Glass, by Alex Christofi, is a gentle, intelligent tale that, in the hands of a lesser wordsmith, could have slipped down the cracks of more typical, cheap humour. It is the story of one young man’s attempts to cope in our modern world. The protagonist is propositioned by older women, observes what teenage boys get up to in the privacy of their bedrooms, worries about losing his virginity and then his subsequent performance; yet his musings never descend into the bawdy or salacious. They retain a subtlety that enables empathy; canny observations succinctly expressed.
Günter Glass is twenty-three years old when his mother dies, leaving him to cope alone with a brother who he mainly argues with and a father who has turned to drink. Günter has lost his job as a milkman and spends his days studying Wikipedia in an attempt to further his education. It is here that he reads about a businessman who received an OBE for services to the Queen as her appointed window cleaner. He decides that this could be the career for him.
Günter’s grief following his mother’s death takes him to Salisbury Cathedral where he meets Dean Angela Winterbottom, a lady in need of a worker with a head for heights. It is she who is telling Günter’s story, following his death. Alongside the narrative are occasional footnotes which add a further layer of droll quirkiness to the tale.
Günter’s adventures as a window cleaner lead him into a number of regrettable, sometimes dangerous, situations. After being featured in the local newspaper he is offered a job in London where he shares a flat with an eccentric aspiring writer. Their conversations are sometimes bizarre but also piquant. Günter is aware of his lack of social skills and is trying to teach himself to fit in. His interactions make for amusing if somewhat poignant reading.
The story is told with wit and wisdom. Günter is overweight and regarded by many, including his father, as lacking basic intelligence. He may struggle to empathise with those he interacts with but he recognises the contradictions by which they live.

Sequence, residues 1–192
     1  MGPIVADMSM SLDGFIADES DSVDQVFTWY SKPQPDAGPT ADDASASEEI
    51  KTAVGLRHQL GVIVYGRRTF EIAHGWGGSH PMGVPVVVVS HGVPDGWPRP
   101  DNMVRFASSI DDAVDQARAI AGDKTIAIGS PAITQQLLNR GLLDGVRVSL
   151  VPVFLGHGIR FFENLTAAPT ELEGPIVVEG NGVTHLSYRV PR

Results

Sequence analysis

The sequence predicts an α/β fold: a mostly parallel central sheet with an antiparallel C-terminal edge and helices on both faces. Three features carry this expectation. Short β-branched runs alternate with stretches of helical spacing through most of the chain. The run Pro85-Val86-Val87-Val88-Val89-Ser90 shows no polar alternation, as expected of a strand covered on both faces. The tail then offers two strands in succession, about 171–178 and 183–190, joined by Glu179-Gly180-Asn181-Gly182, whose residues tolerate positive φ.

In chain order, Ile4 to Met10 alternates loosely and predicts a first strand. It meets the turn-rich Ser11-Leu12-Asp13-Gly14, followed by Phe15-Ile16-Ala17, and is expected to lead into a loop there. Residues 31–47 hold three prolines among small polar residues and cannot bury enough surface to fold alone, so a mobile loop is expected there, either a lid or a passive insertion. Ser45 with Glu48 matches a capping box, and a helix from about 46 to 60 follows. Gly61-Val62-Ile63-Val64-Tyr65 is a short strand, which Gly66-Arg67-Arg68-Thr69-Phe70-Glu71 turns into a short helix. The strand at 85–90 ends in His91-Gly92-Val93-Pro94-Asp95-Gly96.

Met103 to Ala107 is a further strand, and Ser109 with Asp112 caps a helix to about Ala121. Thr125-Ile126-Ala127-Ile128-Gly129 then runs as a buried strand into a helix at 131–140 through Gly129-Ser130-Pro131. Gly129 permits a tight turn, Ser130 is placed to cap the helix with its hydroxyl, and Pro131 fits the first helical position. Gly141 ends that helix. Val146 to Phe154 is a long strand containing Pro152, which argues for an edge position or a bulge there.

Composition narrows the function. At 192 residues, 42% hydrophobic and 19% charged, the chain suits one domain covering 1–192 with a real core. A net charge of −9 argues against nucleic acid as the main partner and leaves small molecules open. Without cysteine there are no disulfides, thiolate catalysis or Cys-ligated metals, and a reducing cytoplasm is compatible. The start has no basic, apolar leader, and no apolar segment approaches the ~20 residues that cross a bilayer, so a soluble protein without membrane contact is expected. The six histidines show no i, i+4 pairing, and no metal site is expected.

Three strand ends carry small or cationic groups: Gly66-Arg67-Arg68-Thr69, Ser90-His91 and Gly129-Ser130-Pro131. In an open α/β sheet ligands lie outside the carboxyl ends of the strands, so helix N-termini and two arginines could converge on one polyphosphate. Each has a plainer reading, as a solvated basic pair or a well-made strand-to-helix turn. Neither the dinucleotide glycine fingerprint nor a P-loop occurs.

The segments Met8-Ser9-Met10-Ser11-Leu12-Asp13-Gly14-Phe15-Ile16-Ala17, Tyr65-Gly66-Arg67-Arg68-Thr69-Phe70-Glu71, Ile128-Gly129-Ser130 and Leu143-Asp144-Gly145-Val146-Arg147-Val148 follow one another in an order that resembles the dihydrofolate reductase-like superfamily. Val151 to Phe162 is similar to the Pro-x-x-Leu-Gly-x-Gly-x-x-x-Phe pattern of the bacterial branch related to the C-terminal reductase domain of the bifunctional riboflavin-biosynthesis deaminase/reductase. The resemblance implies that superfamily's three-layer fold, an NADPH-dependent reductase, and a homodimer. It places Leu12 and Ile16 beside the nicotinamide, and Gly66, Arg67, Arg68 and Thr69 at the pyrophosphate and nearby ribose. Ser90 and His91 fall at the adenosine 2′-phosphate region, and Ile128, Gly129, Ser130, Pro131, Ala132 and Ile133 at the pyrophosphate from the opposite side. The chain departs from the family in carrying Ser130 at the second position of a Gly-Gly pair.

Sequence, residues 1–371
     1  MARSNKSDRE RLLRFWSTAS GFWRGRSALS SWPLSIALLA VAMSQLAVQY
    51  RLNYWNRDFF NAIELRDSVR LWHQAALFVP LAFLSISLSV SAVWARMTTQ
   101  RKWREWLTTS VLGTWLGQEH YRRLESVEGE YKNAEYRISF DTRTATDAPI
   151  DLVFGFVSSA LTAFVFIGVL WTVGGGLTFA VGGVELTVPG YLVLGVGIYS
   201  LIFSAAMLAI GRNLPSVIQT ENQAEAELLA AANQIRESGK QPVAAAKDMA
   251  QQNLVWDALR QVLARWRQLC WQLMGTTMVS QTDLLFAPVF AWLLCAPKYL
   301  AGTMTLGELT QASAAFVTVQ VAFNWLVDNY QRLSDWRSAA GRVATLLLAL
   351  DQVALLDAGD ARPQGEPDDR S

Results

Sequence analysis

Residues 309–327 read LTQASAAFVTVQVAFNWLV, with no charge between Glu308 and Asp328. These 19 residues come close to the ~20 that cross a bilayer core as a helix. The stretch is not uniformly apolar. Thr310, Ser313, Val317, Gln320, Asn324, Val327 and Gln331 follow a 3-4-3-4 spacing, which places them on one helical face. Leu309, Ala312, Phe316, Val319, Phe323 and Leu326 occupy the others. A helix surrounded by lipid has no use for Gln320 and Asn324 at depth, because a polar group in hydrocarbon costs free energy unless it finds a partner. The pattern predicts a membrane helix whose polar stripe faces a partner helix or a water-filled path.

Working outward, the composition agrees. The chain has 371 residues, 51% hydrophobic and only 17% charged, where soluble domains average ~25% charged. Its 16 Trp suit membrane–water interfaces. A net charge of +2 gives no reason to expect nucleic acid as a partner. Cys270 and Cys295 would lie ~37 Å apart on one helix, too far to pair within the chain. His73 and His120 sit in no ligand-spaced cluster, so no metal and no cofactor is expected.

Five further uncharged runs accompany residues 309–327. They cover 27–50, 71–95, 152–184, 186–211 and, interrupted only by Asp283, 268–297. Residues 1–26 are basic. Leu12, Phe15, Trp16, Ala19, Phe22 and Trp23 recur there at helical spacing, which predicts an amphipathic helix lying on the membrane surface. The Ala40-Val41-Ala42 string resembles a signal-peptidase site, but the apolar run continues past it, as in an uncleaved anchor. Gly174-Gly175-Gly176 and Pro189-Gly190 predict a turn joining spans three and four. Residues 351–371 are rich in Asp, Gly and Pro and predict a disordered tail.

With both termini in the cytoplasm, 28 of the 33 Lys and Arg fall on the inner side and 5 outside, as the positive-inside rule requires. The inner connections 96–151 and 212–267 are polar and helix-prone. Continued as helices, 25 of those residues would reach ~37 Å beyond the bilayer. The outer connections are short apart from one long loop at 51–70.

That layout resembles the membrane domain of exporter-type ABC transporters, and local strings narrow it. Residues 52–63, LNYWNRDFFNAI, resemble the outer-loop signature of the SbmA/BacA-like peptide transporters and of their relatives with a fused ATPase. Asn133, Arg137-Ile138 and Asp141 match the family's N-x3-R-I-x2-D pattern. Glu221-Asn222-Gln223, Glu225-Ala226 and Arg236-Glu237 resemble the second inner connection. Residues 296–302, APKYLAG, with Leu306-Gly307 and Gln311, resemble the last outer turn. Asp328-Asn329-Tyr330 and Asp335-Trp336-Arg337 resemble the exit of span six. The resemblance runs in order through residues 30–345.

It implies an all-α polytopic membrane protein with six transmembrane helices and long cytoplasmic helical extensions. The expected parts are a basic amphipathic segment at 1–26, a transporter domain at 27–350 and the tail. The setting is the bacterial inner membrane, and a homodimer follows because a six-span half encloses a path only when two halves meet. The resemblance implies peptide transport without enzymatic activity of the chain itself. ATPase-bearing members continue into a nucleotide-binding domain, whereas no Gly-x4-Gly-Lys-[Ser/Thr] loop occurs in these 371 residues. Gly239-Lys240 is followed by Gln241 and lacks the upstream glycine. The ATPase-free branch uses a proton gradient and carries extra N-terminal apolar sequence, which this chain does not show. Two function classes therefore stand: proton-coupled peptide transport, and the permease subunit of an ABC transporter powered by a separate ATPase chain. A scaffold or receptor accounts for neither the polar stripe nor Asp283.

“It was so hard to act in the world without indirectly harming someone else, or contributing to the net misery brought about wherever humanity flourished. One couldn’t buy from fast-food shops, because they were cruel to chickens, exploited their workers and deforested the Amazon to farm cows, which in turn contributed to global warming with their imperfect digestion. One couldn’t buy cheap clothes because they would have been made in a sweatshop, but expensive clothes played into the hands of the fashion world, which peddled insecurity as their stock in trade. Besides, cotton was too often grown and wasted on T-shirts that were never bought, and fair trade only served to elevate a few lucky landowners. And if you were rich enough to be buying everything fair trade, you probably had one of those jobs that creates inequality in the first place.”
Günter mulls the workings of the world as he wades through each day. He may appear fat, foolish and difficult yet his thoughts demonstrate an acute if blinkered awareness. The Dean adds her own nuggets of wisdom.
“There is a story in the bible (Judges 12:6) in which two tribes are at war. In one tribe, people pronounce a word ‘shibboleth’; in the other ‘sibbolet’. They use this to identify the enemy, and to kill them, little realising the real tragedy that this is the sum total of their difference.”
Günter knows that he should eat fewer delicious waffles, a food his mother offered him, and partake in more frequent exercise. He decides to cycle to work and to visit his lady friend, pondering why people choose to go out running when they have nowhere to be. The Dean’s comment on this thought is typically pithy.
“Sisyphus was a (non-Biblical) king who tried to cheat death and was punished by being made to exercise constantly; truly, a modern parable.”
Although entertaining and engaging the joy of reading this tale was the understated depth and intelligent humour in the telling. Günter is a man derided, largely ignored and misunderstood, who does his own share of misunderstanding even those close to him.
The denouement is fitting, despite its poignancy. An impressive debut and recommended read.
My copy of this book was provided gratis by the publisher, Serpent’s Tail.